28 Rue du Grand Faubourg, Chartres, 28000, France
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stained glass window charms
Do you still sell miniature stained glass window charms? My parents bought one for me at the Chartres Cathedral gift shop in 1967 and I have lost it and would like to purchase another. Is there a way for me to do this?
Re: stained glass window charms
Hello. There are a couple possibilities for you. You could contact the Chartres web site at http://www.chartres-tourisme.com/pages/en/index.php and check their links.
Another possibility is the Gallery of Stained Glass in Chartres at http://www.galerie-du-vitrail.com/english/index.php
If they don't have what you want, you could contact them and ask if they would know someone who can help you or if they would make something to your order.
I've visited the Cathedral gift shop several times and not seen what you mentioned but it is usually quite crowded and so I look and leave and don't pay a lot of attention. I'm sure some local artist still makes them since Chartres is such a world center for stained glass.
Travel Tips for Chartres
Stained Glass (and Glass Origins)
Glass is an amorphous noncrstalline solid and has great plasticity which increases with temperature. Working sand (a silicon dioxide source) into glass undoubtedly was discovered (invented) around primitive kilns or hot fireplaces (about 3000BC). The Romans developed the manufacture of glass and their artefacts include many glass containers, some of them colored.(Probably again accidentally discovered, the result of metal contaminants around the kilns, later by trial and error). Glass technology (like sculpture) disappeared around 500AD and was reintroduced from the Orient about 750. Strong plate glass was much later. At first (and still used) thin plates of alabaster admitted light through narrow windows. The Venetians perfected crystal glass in the 15C.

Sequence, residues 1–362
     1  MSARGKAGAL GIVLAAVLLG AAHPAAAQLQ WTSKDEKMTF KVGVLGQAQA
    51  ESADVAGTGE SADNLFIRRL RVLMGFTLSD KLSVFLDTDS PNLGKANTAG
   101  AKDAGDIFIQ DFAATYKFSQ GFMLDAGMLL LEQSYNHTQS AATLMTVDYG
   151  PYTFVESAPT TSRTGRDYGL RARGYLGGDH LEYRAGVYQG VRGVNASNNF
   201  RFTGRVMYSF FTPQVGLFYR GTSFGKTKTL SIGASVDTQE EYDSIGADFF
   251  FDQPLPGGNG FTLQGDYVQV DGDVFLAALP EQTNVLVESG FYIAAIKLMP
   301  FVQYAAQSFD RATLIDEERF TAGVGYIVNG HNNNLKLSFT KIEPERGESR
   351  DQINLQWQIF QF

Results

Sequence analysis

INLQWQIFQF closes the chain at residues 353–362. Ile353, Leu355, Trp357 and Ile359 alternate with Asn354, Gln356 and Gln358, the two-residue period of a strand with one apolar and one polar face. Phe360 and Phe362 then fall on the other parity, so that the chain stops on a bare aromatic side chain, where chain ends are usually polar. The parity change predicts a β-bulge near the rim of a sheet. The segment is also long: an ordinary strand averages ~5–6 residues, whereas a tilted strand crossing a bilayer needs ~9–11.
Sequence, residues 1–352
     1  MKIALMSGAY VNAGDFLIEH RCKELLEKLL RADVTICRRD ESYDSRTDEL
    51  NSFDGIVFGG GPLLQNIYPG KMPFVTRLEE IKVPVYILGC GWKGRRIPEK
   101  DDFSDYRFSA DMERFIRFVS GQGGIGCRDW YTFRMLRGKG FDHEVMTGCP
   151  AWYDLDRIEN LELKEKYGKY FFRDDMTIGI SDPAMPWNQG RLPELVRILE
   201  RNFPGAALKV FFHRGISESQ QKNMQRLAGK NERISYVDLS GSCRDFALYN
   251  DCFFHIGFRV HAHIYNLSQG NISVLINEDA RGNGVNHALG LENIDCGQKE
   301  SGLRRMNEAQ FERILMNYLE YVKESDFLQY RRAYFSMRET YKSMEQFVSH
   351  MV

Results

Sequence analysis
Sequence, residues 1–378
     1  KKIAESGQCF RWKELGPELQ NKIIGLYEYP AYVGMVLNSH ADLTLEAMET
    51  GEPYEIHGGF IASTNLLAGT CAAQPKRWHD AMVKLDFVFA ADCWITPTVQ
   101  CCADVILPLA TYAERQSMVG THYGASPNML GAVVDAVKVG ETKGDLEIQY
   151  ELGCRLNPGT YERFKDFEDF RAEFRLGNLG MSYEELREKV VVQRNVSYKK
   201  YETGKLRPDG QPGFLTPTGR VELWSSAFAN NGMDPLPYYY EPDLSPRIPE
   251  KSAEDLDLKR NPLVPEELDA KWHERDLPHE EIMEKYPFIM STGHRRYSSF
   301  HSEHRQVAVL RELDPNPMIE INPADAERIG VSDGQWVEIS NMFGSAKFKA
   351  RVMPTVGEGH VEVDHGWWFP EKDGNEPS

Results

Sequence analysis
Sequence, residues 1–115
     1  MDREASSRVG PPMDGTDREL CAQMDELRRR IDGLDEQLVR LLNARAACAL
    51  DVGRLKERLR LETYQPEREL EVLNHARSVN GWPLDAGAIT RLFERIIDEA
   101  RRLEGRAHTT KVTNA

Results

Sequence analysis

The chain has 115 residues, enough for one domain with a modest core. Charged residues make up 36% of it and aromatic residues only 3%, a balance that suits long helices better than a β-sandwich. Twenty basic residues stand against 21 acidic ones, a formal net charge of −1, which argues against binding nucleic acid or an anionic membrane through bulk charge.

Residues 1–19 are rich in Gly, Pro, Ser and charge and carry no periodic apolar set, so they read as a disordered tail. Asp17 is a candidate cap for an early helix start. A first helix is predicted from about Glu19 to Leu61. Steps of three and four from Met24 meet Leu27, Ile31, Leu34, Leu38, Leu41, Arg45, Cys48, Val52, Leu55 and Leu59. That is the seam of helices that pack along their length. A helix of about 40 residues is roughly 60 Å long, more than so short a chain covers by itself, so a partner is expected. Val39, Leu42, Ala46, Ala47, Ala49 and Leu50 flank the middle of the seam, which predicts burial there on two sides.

At Chartres the thechnics of making stained glass windows became a major art form. It had already been used sparingly in Augsburg where two small windows of early 12C exist in place (which we have not visited) and more extensively by Abbot Suger in St. Denis (1140-45).(It is probable that these craftsmen went on to Chartres).
The small pieces of colored glass are held together by lead strips and mounted in an iron frame which provides support, wind resistance and part of the design, extending that of the stone tracery in which they are set. Stained glass as windows, lamp shades and decoration continue to this day with artists like Lafarge and Tiffany, or Chagall and Matisse in Nice and Vence (The Rosary Chapel). The Glass serves the religious purposes of the Cahtedrals but is not confined to the Bible. The Rose windows have a mixture of religious symbolisms, and some windows emphasize the meaning and regularity of life as the Zodiac and in the Labors of the Months. The Hundreds of Stained Glass Windows.
The Assumption Statue
This stunning statue sits in the apse below, of course another series of stained glass windows. It's called "The Assumption". I can't find any information as to who sculpted this masterpiece, but do take a look at it.